• NCA adviser Kidwai hints at using emerging technologies to strengthen country’s nuclear programme
• Remarks come against backdrop of assertions about Islamabad’s N-capabilities during Indian elections

ISLAMABAD: Adviser to the National Command Authority Lt Gen (retd) Khalid Ahmed Kidwai has underscored Pakistan’s stance on not committing to the No First Use (NFU) policy regarding nuclear weapons.

Speaking at a seminar held at the Centre for International Strategic Studies (CISS) to commemorate Youm-i-Takbeer, the anniversary of the 1998 nuclear tests, Gen Kidwai, who has served as the director general of Strategic Plans Division (SPD), said: “Pakistan does not have a No First Use policy, and I’ll repeat that for emphasis. Pakistan does not have a No First Use policy.”

The NFU refers to a country’s stance and is regarded as an assurance that its nuclear arsenal is meant for deterrence, not fighting a nuclear war.

Islamabad has traditionally maintained ambiguity regarding the NFU policy due to New Delhi’s declared stance on the same, though Pakistani strategists were always sceptical, viewing India’s policy as more rhetorical than genuine.

The scepticism towards Indian intentions stems from ambiguities in India’s NFU doctrine. This policy includes provisions that permitted nuclear strikes against nuclear-armed states or their allies under perceived threats. Such exceptions implied a willingness to pre-emptively use nuclear weapons in specific scenarios, undermining the fundamental principle of NFU.

Recently, there has been a noticeable shift in India’s nuclear policy from a traditional NFU stance towards a more assertive nuclear posture. This internal debate in India regarding the revision of its NFU policy has compelled Pakistan’s military leadership to implement countermeasures, aiming to diminish any ‘perceived incentive’ India might have to execute a pre-emptive first strike against Pakistan.

“The Indian gung-ho leadership may like to think about it there should never ever be a doubt in anyone’s mind, friend or foe, that Pakistan’s operationally ready nuclear capability enables every Pakistani leader the liberty, the dignity and the courage to look straight into the Indian eye and never blink,” Gen Kidwai further said.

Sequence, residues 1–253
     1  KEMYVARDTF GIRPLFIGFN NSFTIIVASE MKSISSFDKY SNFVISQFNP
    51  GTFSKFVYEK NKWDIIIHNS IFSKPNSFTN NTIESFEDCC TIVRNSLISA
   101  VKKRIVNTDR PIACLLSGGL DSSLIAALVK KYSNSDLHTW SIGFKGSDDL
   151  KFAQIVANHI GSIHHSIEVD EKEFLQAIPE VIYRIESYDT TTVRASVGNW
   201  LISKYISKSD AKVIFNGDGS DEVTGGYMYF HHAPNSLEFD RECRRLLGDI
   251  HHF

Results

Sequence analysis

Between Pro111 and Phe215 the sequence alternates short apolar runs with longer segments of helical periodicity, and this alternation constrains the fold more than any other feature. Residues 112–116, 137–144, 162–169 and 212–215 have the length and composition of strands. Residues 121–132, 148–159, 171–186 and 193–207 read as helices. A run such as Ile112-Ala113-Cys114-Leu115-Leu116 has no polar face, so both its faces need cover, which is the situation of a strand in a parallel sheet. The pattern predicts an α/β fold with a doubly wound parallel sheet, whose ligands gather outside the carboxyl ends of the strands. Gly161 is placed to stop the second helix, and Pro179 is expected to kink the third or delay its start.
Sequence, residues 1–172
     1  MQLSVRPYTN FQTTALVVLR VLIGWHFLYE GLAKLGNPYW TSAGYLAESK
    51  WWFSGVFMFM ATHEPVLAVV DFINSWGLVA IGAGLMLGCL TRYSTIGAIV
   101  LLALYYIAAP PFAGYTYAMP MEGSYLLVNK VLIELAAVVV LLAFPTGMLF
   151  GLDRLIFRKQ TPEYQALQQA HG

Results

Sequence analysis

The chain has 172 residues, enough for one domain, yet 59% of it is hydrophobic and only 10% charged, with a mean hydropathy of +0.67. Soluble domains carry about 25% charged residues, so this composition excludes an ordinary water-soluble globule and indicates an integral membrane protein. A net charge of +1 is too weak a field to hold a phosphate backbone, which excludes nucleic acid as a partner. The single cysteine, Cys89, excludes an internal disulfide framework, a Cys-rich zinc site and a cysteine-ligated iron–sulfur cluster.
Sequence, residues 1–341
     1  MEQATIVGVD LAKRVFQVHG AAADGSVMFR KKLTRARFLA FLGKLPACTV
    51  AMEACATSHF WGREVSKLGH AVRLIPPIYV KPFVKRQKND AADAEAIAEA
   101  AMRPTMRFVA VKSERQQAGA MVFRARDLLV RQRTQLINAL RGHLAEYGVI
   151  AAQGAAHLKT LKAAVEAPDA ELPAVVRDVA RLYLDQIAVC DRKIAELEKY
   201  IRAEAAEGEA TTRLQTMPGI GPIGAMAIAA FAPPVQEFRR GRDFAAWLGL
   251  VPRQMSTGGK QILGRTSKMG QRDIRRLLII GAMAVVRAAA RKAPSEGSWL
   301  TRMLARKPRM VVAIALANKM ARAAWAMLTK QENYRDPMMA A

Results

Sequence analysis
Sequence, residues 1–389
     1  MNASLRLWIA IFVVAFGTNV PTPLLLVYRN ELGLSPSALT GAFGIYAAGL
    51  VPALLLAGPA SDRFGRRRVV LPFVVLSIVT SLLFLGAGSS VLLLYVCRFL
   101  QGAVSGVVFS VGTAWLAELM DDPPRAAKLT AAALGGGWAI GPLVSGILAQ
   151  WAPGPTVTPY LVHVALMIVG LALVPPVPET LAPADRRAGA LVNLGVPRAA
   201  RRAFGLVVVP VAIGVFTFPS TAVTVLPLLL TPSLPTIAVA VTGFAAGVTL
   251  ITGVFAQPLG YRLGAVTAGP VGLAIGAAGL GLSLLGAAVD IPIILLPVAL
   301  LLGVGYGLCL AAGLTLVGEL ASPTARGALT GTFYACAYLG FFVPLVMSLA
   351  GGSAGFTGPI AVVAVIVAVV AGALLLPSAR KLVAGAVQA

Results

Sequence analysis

His statement has come against the backdrop of contentious discussions about Pakistan’s nuclear programme during the ongoing Indian elections. Indian PM Narendra Modi leveraged this topic to criticise the opposition INDIA bloc and its leaders, portraying them as fearful and intimidated by Pakistan’s nuclear capabilities.

The debate was sparked by comments from Farooq Abdullah of the National Conference regarding Pakistan’s nuclear defence capabilities. His remarks were made in response to Defence Minister Rajnath Singh’s assertion about Azad Jammu and Kashmir.

Additionally, PM Modi while responding to Congress leader Mani Shankar Aiyar, who had suggested that India should respect Pakistan’s nuclear capabilities, said he had personally assessed Pakistan’s capabilities during a visit to Lahore in December 2015.

Gen Kidwai, while speaking at the seminar on Wednesday, also hinted at using emerging technologies to strengthen country’s nuclear programme. “Advancements in technology including what are referred to as emerging technologies will continue to make their way appropriately in Pakistan’s National Security calculus, and the nuclear programme will be stronger by benefiting from these,” he said.

He noted that Pakistan’s Full Spectrum Deterrence (FSD) capability, while generally remaining within the larger philosophy of Credible Minimum Deterrence (CMD), comprises horizontally of a robust tri-services inventory of a variety of nuclear weapons.

He explained that the nuclear weapons were held on land with the Army Strategic Force Command (ASFC), at sea with Naval Strategic Force Command (NSFC), and in the air with Air Force Strategic Force Command (AFSC). Vertically, the nuclear spectrum encapsulates progressively increasing destructive weapon yields, and range coverage at three: strategic, operational, and tactical all the way to 2,750km to cover India’s vast Eastern and Southern geographical dimensions, including its outlying territories.

Gen Kidwai further stated that India’s Dynamic Response Strategy (DRS) is a clear reflection of the limits and constraints imposed by Pakistan’s robust nuclear capability on the India’s strategic and operational options, and therefore, Pakistan’s strategic weapons, especially the Tactical Nuclear Weapons (TNWs), are “weapons of peace”.

Director General of the Arms Control and Disarmament Affairs (ACDA) branch of the SPD, retired Brig Zahir Kazmi, highlighted some of the emerging threats and enduring threats to Pakistan’s nuclear programme. The former included emerging technologies, geopolitical environment and hybridity of warfare, while the latter included India’s risky behaviour, sanctions on Pakistan and information warfare.

Published in Dawn, May 30th, 2024

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